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Messages - Warren Dew

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I thought watermelons and melons were the highest on the glycemic index?

They're still fruit, and thus paleo.


I should perhaps expand on that.  Glycemic index is not a very useful way of comparing paleo carbohydrates - primarily fruit - and nonpaleo carbohydrates.  That's because glycemic index is compared on a calorie for calorie basis - but 100 calories worth of fruit represents a lot more bulk and weight than 100 calories of grain or beans.

Also, once you're on a paleo diet, you're pretty much immune to diabetes, so glycemic index doesn't really matter that much.  If you're trying to replenish your glycogen after heavy exercise, you might even want a higher glycemic index food to do it faster.

Edit:  I think the highest glycemic index fruit are actually bananas and grapes.

Food Journals / Re: phrak's phood
« on: February 09, 2010, 07:25:40 PM »
cavemen. Still, I try not to eat beans as much as possible (I even stopped eating peanuts), but I don't consider them bad. Some of these peoples regularly consumed butter and cheeses as well.

I don't know what you mean by "these people", but no paleolithic people regularly consumed butter, cheese, or beans - none.  Butter and cheese require domestication of animals, and beans require agriculture, so all of those are strictly neolithic foods.

Diet and nutrition / Re: how do you guys do it?
« on: February 09, 2010, 07:18:15 PM »
There's a lot of variety in meats.  For example, I have ready to eat:

- left over pork loin roast
- left over prime rib (actually choice rib, but still excellent)
- sardines (in nonpaleo olive oil, but most of that can be drained)
- oysters (also in nonpaleo olive oil)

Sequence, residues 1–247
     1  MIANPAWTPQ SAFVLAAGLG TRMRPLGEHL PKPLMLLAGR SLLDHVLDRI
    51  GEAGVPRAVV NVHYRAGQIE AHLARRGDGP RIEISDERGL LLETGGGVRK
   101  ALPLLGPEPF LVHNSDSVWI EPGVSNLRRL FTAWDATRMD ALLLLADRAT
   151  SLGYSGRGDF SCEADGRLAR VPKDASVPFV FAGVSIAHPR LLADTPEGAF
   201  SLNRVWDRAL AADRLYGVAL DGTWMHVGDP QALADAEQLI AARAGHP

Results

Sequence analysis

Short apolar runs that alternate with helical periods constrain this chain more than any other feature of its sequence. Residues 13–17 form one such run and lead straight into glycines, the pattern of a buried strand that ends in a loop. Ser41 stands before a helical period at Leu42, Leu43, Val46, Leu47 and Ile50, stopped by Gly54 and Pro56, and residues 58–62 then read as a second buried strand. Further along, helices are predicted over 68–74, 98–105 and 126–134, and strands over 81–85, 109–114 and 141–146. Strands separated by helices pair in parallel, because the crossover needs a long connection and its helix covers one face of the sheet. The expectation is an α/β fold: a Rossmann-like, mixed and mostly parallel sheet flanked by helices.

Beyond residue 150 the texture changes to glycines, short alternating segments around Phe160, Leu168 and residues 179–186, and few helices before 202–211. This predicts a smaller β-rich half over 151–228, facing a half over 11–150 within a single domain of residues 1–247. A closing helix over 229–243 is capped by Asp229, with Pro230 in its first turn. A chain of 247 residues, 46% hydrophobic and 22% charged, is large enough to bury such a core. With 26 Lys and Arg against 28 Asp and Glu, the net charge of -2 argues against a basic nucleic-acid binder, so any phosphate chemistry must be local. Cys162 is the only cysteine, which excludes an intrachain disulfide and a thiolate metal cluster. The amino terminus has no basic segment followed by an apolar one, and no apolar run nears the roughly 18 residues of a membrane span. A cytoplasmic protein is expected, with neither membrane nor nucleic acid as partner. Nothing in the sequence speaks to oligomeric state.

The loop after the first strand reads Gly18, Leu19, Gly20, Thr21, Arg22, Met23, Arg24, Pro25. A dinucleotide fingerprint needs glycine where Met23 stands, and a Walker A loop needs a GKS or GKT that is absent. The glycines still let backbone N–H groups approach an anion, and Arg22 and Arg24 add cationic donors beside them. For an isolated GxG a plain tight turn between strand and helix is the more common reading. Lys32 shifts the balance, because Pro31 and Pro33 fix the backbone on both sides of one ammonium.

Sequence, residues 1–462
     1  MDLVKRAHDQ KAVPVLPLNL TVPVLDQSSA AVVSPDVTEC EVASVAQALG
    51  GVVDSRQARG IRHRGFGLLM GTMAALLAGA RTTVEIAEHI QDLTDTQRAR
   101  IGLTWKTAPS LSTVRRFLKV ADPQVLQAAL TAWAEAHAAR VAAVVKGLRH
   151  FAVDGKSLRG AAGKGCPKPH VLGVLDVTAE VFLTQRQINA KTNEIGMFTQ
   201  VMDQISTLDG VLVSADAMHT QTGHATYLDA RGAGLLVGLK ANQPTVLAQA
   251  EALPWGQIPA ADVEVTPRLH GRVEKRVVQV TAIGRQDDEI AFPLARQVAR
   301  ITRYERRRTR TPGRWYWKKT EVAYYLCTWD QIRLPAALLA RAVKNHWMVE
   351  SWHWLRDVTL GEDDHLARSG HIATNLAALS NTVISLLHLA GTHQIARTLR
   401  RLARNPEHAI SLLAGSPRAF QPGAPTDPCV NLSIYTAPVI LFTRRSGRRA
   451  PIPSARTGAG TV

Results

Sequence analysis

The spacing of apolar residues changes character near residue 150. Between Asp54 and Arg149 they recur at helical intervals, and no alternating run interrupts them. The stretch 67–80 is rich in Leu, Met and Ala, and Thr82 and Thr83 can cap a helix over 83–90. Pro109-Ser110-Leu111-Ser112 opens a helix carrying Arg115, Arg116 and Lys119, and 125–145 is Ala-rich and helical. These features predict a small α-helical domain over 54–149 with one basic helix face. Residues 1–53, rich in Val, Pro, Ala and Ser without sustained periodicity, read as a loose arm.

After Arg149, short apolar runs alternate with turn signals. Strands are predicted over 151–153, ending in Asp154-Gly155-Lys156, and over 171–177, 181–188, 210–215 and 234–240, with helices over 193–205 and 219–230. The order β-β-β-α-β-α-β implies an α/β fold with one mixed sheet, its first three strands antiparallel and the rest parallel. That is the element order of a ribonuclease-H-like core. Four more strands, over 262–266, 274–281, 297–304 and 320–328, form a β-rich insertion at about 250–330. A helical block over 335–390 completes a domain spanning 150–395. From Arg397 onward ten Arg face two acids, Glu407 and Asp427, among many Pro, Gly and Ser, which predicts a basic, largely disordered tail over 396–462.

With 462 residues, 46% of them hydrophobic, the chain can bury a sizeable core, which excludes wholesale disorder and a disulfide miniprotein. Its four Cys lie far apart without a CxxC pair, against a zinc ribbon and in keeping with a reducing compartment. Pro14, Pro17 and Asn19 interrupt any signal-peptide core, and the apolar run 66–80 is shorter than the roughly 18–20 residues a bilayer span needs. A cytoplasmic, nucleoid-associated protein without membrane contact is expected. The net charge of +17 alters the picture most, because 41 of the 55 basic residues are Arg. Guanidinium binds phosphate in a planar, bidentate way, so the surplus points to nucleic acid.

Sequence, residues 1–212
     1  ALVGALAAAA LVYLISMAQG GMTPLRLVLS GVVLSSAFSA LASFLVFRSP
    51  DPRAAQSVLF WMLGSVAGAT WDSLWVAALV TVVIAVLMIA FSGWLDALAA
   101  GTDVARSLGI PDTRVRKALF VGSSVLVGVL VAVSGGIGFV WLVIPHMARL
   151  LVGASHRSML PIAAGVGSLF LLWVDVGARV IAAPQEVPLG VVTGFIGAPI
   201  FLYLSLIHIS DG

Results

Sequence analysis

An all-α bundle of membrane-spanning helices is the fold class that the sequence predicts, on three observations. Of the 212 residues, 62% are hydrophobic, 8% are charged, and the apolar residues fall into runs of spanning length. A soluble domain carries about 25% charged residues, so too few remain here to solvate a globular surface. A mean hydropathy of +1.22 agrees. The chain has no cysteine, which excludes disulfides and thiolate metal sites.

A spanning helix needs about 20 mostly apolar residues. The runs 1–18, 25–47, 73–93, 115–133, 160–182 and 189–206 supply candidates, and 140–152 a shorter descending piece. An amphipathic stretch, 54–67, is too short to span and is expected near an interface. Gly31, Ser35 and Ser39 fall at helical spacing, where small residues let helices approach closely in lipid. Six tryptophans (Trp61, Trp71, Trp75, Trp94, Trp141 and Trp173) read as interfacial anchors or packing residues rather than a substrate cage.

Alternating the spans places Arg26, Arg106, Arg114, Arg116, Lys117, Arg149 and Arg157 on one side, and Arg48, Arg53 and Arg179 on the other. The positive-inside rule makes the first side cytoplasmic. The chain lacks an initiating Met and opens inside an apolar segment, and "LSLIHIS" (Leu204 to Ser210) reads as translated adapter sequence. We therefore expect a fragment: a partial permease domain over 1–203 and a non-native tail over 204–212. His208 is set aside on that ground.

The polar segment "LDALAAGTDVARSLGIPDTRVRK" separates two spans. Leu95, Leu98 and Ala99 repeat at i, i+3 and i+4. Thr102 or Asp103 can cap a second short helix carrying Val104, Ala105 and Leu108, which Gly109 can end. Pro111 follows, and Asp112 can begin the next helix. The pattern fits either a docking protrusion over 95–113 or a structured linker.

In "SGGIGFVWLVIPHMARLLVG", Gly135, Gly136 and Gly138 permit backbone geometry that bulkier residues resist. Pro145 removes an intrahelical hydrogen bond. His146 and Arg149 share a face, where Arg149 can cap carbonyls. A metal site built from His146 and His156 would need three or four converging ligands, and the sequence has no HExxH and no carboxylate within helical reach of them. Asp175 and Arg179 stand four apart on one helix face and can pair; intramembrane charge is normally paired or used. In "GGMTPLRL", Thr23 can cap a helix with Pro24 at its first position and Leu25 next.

- edit:  forgot the left over pulled pork

Defrosted and ready to cook (dinners for the next couple days)

- salmon
- grass fed ground beef
- another rib roast

In my freezer

- dry aged sirloin steak
- filet mignon
- more pork loin, salmon, grass fed ground beef and rib roast

For fruit, I have in the house oranges, pears, grapes, strawberries, and blueberries.  I have bok choi, spinach, onions, and mushrooms.  I also have boiled eggs, as well as raw eggs for frying and uncured bacon to go with them.

Now granted, I have an advantage in that I do the grocery shopping and cooking for my family.

But you want to know the truth?  I could personally survive on grass fed ground beef and mushrooms every night.  Cooked properly, good meat is delicious, and I personally wouldn't need variety.  It's worth spending some time learning to cook it.

Spices are generally paleo.  Some of us use a small amount of salt - I do on beef and pork sometimes - even though it's questionable from a paleo standpoint.  I find that if I put the salt on top of the meat where I can taste it, I'm in no danger of having too much, and I figure it makes up for the missing blood.

Diet and nutrition / Re: chocolate?
« on: February 09, 2010, 03:49:40 PM »
I consider 100% chocolate to be in the same category as black coffee - not paleo, but not the kind of cheat that will threaten the diet.

I have a few grams of dark chocolate now and then - usually 85%, but recently I've been experimenting with 100% chocolate dipped in a little honey to avoid nonpaleo ingredients.

Diet and nutrition / Re: Paleo blog
« on: February 09, 2010, 11:37:16 AM »
Paleo Dude, do you have a source for that?

What I can find says that the U.N. lists Japan as #1 and Canada as #11.  The CIA world factbook lists Andorra #1 by nation (Macau is higher but is not a nation), but the U.S. at #34 and Cuba at #38.

There isn't a whole lot of difference in the top 50 or so, and it's probably more dependent on medical technology than actual health of the population.

Miscellaneous / Re: Storing energy and sudden famine
« on: February 09, 2010, 09:32:59 AM »
I think from the cave man's point of view, it would be a tradeoff between storing energy as fat for times of scarcity, and staying lean to maximize performance in the hunt.  The body can convert muscle to glucose for energy, but muscle stores far less calories per pound than fat.

I think it's interesting that on a low carb, high meat diet, we lose the fat, which optimizes us for the hunt.  On a higher carb, high fruit diet, we collect more fat, which could see us through to the next type of tree that comes into fruit.